Although Cardiff has become the adopted home of Baywatch star David Hasselhoff, the Welsh capital's similarities with Hollywood are few and far between. Likewise, St Mary Street, Cardiff's party hub, lacks the glitz and glamour of Los Angeles’ Sunset Boulevard. However, for Welsh-born filmmaker John Giwa-Amu, these differences work in Cardiff's favour.

“Because of the size of Cardiff and its film-making community, we know each other. With one phone call I can find a second assistant, a lighting technician or whoever else from the crew I need,” says Mr Giwa-Amu, whose sci-fi thriller The Machine premiered at New York's Tribeca Film Festival earlier in 2013.


Outside of the UK, Wales might not be well known for its television and film industry, but government support through public sector procurement has seen the industry grow over the past few decades. The Welsh film industry has also started specialising not only in popular television programmes such as Doctor Who, but also in Hollywood-style blockbusters such as Clash of the Titans and Tomb Raider 2: The Cradle of Life.

Wales connection

“Cardiff [in particular] and Wales in general make perfect sense for film and television productions, as they offer cost advantages and locations that can be used universally, even if the plot of the movie is not connected with Wales,” says Mr Giwa-Amu. “On top of that, organisations such as Wales Screen Commission and Film Agency for Wales are incredibly helpful with funding and logistics,” he adds. Indeed, a development grant awarded to his film by Film Agency for Wales was “a trigger that helped a lot at the very early stage of the movie's production”.

And while the film and television industry seems to be currently the most eminent subsector of Cardiff's creative scene, it is not the only one. A number of new industries, in the form of animation, audio, graphics and gaming studios are also making their presence felt in the city. According to statistics published by the Welsh government, between 2009 and 2011 creative industries in Wales grew by 16.5%. Overall, the government estimates that more than 4200 companies operate in the creative sector across Wales and their annual impact on the economy exceeds $2.76bn.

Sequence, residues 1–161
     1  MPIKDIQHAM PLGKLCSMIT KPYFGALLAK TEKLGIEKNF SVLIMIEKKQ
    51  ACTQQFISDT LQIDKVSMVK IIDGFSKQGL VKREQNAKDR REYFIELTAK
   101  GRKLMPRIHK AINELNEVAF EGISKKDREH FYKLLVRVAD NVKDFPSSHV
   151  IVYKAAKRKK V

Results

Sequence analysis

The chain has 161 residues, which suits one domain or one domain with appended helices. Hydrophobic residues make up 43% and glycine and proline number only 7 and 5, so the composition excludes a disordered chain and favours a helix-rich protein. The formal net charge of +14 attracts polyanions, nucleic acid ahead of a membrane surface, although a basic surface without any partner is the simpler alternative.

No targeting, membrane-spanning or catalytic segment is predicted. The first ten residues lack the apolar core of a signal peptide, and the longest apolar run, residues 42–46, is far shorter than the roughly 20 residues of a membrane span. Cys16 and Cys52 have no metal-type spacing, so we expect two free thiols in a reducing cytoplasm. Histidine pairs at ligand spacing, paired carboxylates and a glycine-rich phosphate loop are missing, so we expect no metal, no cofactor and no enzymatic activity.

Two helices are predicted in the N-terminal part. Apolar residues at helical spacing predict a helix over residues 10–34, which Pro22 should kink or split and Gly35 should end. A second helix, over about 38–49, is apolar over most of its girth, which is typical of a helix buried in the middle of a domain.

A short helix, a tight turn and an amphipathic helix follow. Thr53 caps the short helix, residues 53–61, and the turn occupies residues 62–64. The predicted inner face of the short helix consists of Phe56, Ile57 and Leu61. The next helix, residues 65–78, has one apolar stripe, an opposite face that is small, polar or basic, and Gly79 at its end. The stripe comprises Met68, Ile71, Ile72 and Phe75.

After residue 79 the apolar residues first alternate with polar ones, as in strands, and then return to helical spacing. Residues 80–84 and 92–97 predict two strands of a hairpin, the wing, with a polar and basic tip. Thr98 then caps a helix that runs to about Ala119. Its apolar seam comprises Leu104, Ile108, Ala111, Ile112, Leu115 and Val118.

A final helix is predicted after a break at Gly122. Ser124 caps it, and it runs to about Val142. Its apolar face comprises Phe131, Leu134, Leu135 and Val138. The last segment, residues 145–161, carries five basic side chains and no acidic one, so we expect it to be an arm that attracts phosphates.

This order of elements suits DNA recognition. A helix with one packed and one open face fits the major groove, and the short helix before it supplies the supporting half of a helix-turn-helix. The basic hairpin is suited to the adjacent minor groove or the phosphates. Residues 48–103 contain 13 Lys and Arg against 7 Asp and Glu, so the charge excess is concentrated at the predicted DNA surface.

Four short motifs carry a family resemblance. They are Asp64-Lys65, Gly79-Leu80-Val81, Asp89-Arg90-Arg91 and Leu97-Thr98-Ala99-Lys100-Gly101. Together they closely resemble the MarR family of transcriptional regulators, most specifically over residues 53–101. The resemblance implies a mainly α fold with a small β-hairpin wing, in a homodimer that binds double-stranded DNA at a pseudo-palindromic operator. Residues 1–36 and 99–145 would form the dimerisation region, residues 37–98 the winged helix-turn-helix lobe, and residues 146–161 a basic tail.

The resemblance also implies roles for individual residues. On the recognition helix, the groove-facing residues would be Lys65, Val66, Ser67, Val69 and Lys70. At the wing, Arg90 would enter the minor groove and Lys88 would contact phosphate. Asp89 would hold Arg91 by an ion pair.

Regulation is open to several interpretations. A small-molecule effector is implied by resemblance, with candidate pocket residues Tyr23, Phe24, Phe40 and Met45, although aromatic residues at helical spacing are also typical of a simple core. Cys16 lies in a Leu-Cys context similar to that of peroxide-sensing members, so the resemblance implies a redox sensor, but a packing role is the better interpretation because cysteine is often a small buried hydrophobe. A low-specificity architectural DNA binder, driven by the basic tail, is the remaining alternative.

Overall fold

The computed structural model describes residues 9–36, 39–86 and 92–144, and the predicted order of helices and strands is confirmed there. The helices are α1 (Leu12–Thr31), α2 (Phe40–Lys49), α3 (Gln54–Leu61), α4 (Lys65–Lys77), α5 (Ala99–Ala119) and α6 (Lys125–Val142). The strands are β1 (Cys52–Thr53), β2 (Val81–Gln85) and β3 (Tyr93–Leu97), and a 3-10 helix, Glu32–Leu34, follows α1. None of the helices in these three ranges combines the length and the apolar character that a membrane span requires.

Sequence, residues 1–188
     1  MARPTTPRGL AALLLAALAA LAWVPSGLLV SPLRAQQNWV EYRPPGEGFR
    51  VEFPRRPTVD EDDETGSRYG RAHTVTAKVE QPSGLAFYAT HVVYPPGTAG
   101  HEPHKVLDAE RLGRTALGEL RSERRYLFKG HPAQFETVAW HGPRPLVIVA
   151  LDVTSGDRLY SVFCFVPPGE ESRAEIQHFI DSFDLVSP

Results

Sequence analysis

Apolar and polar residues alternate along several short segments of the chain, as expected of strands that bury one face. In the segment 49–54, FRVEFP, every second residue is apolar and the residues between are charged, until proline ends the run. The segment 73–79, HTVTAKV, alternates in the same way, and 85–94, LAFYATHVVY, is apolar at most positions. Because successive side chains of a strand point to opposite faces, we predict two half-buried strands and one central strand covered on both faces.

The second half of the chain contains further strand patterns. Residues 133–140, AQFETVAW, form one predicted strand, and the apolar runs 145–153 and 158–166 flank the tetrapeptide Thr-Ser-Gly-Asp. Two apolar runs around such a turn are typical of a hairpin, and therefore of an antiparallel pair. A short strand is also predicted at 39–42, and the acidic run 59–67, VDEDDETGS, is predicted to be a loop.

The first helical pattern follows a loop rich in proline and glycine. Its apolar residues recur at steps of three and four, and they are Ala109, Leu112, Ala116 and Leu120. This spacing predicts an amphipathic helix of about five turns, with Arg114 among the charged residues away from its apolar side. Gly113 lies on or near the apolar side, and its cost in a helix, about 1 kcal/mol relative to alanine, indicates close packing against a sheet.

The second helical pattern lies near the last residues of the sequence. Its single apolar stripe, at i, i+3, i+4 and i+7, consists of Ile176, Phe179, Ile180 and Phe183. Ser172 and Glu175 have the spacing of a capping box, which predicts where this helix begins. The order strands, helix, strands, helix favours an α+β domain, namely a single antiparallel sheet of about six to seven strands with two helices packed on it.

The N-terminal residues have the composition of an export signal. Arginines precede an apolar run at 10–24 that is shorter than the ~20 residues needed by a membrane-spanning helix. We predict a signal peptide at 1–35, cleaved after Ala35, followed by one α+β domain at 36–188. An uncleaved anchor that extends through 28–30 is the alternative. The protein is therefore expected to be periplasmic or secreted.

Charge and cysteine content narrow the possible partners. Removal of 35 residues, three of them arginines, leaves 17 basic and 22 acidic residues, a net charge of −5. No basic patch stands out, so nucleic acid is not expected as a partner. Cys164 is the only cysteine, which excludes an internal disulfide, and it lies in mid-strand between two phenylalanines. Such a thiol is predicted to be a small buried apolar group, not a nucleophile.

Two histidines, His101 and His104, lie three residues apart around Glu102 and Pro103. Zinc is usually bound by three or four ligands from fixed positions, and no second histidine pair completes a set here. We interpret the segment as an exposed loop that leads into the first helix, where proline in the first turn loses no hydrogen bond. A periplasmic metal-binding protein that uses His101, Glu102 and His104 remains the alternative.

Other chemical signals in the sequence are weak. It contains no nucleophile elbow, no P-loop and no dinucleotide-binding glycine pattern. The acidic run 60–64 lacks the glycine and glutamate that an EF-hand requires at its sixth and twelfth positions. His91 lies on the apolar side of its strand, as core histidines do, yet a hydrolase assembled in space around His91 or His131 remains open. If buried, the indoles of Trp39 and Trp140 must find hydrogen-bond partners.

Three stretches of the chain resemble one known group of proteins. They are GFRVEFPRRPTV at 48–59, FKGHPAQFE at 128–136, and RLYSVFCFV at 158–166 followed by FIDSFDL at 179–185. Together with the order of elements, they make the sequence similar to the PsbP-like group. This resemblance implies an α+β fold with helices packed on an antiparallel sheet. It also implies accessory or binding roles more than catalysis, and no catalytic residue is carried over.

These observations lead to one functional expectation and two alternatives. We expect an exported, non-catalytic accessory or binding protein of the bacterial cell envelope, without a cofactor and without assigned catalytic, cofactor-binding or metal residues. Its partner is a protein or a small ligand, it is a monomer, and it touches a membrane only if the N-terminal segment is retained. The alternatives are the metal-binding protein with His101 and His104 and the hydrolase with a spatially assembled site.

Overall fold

Oyster's gem

Oyster World Games, a mobile games firm, is among the companies that have recently decided to settle in Wales. The two-year-old start-up announced in June 2013 its decision to move into Treforest, a business park located just outside Cardiff. It will create 60 jobs over the next three years. Co-founder Matt Nagy says that at the final stage of site selection, Oyster World Games had narrowed its choice down to Canada and Wales, as both locations were tempting the company with financial incentives. “We were headhunted by Canadians to move there, but then Wales put up an offer and beat it,” says Mr Nagy.

Government support of the company's operations in the village of Treforest in the south of Wales is estimated at £1m ($1.53m). However, the decision to move to Treforest was not dictated solely by “financial stuff”, as Mr Nagy puts it. “Cardiff is scenic and quite laid back. But at the same time working with people there is tremendous,” he says.